If you're a total newbie (or have less than a year of really intelligent training experience) and you're more than 18-20% body fat, then you're in luck. No really, you are. Because then you're in that rare period of time where you can lose fat while building a decent amount of muscle at the same time.
Get into a minor caloric deficit and focus on banging out rep PR's on the big lifts.
If you're skinny-fat but in the 12-15% body fat range, then focus on eating a maintenance intake of calories or a very slight surplus, and then bang out the rep PR's.
The common denominator? Getting stronger in the growth-producing rep ranges (8-20), and putting on more muscle. The underlying problem with looking skinny-fat really isn't the degree of body fat. It's the lack of muscle underneath it.
A guy that's 16% body fat who has a lot of quality muscle underneath will look fairly jacked. And that's the difference between him and the guy suffering from skinny-fat disease who weighs 177 who's also 16% body fat. Muscle cures a lot of problems.
4 – Your Goals
If your goal is to be as massive as possible at all costs, that's going to circumvent everything else. Throw out age, training experience, and current body comp. If your goal is to be as big as a Buick, then just go, man. Leave no buffet in business and bust every scale you step foot on.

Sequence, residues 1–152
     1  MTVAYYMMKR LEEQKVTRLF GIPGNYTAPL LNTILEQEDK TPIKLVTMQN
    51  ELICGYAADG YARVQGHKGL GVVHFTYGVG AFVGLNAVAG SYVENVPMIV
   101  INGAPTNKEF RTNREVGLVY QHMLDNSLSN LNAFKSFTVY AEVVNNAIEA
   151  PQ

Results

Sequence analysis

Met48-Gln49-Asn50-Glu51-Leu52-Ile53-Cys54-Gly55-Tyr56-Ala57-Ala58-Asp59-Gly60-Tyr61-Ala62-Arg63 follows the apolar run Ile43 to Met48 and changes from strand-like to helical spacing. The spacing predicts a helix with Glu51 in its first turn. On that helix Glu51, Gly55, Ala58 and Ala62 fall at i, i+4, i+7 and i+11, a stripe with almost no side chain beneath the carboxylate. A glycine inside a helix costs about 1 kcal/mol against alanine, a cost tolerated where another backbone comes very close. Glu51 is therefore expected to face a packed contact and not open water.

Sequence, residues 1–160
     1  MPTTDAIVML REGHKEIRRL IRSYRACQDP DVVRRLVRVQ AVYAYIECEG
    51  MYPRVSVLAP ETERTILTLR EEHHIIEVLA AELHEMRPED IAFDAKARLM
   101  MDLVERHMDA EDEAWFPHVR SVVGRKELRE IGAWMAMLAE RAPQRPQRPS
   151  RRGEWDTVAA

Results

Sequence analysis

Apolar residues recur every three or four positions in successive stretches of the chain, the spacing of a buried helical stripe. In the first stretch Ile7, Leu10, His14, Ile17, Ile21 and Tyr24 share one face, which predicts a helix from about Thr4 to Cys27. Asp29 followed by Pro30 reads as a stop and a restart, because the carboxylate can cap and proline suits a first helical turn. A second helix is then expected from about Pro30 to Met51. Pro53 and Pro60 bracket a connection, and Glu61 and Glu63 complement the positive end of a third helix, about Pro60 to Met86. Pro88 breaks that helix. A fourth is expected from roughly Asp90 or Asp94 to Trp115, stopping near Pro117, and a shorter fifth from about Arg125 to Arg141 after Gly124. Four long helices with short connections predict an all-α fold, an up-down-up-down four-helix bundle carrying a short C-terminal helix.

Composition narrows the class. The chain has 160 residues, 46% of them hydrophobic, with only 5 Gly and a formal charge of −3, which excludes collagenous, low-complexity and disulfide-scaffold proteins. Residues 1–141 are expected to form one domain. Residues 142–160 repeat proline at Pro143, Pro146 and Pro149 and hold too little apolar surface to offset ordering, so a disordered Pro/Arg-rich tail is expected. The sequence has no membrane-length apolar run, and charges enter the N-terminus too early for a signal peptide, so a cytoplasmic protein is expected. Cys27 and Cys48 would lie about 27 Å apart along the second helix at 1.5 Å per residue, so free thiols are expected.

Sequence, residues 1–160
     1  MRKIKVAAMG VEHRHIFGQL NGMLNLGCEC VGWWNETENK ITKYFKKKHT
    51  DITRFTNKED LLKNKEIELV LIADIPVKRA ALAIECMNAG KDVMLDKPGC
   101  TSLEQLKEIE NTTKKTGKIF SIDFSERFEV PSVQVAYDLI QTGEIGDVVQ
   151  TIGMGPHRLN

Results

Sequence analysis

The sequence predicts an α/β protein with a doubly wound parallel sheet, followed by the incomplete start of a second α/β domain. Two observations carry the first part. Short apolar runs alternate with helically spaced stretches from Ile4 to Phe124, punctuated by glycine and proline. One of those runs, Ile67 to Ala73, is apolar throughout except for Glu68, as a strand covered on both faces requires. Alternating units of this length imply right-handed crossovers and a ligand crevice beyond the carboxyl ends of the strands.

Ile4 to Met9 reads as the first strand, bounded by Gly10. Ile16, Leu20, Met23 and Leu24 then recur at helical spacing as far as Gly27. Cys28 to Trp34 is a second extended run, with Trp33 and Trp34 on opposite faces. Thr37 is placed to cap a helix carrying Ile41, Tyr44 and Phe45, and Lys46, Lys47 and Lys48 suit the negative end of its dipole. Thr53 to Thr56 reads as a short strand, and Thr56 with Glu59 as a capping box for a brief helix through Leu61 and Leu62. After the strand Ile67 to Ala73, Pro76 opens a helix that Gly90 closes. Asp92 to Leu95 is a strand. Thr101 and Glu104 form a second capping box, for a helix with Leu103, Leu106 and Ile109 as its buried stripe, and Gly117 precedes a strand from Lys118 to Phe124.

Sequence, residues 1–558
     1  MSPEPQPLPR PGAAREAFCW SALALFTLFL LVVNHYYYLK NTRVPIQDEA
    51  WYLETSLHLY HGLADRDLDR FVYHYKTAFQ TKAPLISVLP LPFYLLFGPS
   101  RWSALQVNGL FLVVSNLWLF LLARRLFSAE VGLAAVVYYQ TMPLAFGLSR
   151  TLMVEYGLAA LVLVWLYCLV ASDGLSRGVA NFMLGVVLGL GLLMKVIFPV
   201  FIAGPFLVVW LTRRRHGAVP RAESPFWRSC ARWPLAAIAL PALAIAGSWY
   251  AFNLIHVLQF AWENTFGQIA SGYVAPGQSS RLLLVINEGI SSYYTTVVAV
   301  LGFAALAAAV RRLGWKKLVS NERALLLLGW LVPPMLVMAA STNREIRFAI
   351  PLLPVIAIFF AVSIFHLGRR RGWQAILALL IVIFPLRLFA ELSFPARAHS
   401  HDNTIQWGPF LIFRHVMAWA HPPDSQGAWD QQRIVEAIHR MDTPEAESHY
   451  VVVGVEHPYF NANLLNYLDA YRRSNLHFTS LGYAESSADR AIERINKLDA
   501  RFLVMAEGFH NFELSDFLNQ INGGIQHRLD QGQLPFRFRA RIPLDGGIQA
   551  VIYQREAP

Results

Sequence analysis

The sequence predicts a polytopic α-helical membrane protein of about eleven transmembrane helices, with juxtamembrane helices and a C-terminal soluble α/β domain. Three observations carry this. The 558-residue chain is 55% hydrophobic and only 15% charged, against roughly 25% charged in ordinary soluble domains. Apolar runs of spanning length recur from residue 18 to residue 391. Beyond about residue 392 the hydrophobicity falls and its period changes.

If your goal is to get in shape for a vacation a few months from now, then you have your answer there as well. But you still need to define what being "in shape" for that vacation means.
Defining goals specifically is important. Without having a defined target most people end up in limbo about what to do. That leads them to say stuff like, "I wanna get big and strong... and lose some fat."
That's actually quite atrocious. And I'm not even overstating. What does "get big" mean to you? How big? And in what timeframe?
What does "get strong" mean? When someone tells me they want to get stronger, I don't know what that means. Get stronger at what? The big three? Bodyweight movements? Cartwheels and handstands? A single maximum attempt? A set of twelve reps?
Stop being vague with your goal setting. If you don't set some really specific goals then you'll just drift aimlessly around, not really getting anywhere.
Your goals also need to be realistic. And you need to understand what realism looks like as well.
"I wanna gain 30 pounds of muscle over the summer. I've seen guys do it!"
Okay, MAYBE a noob with amazing outlier genetics who had some intelligent guidance did that, but it's really unlikely. When I hear about these stories I want to shove the storyteller into a Civil War cannon and fire him face-first into a brick wall.
Realistically, 2 to 2.5 pounds of muscle gained per month for the first six months of your training life is going to be ballpark. That's about twelve to fifteen pounds of muscle in the first six months. After that it's going to start slowing down dramatically.
That means if you've been training for more than a year, but less than three, shooting for a bulking goal of five pounds of muscle in the next three months is probably pretty realistic. If you were absolutely perfect in everything you did, five pounds of muscle in three months means that...